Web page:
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    Interracial Marriage Then and Now

    Together for decades, four couples discuss struggles and offer advice

    • Peter and Jean Lin, Saratoga, Calif.

      Peter's mother was skeptical when he and Jean began dating. Chinese people who married outside their race were considered traitors. In their early years, the Lins were treated rudely at a gas station and were ordered out of a picnic area. When Jean traveled with her Chinese family, people sometimes assumed she was a tour guide. — Photo by Christa Renee

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    In the last 30 years, the number of interracial marriages in the U.S. has more than doubled. In 1980, 7 percent of new marriages brought together people from different racial or ethnic backgrounds, reports the Pew Research Center. Today, 15 percent of newlyweds are crossing the racial divide.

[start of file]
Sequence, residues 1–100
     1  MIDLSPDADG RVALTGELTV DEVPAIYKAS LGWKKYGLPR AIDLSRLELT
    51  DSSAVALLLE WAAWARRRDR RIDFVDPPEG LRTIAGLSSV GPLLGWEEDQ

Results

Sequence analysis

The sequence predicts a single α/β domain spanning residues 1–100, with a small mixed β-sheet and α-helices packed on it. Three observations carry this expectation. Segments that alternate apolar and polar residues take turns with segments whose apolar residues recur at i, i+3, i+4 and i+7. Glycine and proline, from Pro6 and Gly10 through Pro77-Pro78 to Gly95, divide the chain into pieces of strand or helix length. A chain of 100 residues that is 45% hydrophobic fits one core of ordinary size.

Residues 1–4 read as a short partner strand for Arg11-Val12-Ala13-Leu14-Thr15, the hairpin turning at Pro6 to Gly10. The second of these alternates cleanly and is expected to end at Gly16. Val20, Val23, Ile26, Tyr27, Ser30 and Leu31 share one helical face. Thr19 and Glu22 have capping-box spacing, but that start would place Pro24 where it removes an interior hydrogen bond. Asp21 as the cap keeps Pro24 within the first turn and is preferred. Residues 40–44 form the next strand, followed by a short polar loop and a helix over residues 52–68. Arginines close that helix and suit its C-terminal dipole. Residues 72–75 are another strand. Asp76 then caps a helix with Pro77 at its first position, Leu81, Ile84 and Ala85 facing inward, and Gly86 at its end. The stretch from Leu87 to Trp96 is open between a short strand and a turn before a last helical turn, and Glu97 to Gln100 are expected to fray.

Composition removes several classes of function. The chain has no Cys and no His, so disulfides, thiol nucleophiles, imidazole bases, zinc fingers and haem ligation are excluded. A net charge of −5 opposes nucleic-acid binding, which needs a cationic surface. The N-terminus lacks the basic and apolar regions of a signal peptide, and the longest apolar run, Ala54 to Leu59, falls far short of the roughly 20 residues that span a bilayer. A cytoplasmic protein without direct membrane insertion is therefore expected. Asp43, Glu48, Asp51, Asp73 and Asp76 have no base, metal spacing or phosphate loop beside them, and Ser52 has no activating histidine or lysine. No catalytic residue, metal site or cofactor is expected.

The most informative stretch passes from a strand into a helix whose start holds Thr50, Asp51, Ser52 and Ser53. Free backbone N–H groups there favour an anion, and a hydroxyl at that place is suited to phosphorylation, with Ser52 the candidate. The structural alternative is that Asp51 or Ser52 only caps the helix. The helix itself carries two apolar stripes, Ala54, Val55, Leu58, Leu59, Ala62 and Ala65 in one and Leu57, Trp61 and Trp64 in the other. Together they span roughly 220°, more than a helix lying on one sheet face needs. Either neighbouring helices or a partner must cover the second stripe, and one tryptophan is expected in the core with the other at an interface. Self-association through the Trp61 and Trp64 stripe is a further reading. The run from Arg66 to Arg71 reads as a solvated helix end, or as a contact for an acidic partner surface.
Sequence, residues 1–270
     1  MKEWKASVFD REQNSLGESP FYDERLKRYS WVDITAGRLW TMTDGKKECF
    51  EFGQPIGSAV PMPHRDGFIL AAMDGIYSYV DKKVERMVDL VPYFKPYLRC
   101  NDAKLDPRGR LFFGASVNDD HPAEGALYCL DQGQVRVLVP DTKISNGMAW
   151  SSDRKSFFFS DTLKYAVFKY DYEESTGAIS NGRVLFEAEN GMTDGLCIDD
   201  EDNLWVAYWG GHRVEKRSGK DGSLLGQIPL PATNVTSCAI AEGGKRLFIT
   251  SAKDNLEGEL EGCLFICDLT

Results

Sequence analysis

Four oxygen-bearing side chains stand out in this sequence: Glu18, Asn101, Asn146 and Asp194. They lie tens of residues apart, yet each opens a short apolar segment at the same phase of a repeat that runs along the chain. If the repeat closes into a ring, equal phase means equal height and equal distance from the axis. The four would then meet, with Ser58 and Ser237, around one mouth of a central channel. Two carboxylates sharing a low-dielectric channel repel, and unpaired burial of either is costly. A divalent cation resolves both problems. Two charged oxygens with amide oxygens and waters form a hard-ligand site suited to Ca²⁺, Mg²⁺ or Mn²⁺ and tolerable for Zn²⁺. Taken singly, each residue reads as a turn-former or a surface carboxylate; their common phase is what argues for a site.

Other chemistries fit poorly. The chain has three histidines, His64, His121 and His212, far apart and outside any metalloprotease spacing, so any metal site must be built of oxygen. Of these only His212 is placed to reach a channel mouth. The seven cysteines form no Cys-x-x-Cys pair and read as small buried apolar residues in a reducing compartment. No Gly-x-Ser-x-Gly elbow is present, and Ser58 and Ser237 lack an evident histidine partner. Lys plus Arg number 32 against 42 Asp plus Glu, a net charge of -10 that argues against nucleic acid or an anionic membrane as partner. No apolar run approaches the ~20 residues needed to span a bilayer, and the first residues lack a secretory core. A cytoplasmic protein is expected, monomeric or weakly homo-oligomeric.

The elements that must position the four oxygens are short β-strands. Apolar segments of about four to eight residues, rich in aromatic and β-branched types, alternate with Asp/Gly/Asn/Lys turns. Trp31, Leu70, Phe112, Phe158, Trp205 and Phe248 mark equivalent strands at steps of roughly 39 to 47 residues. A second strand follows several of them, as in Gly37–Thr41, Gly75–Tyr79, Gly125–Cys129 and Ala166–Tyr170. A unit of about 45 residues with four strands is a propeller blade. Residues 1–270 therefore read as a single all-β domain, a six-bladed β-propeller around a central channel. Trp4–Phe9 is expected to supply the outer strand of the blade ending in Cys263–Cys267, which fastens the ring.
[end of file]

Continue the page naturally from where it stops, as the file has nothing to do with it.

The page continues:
See also: Faces of the Freedom Rides: Ten who went, then and now.

    Societal attitudes about these unions have also shifted. Today, nearly
    two-thirds of Americans say they're fine with people marrying someone of a different race. In 1986, only 28 percent of people agreed with that
    statement.

    Here are the stories of four couples, married more than 30 years, who
    crossed racial, societal and even legal barriers to be the pioneers that
    paved the way for today's new way of thinking about interracial marriages.

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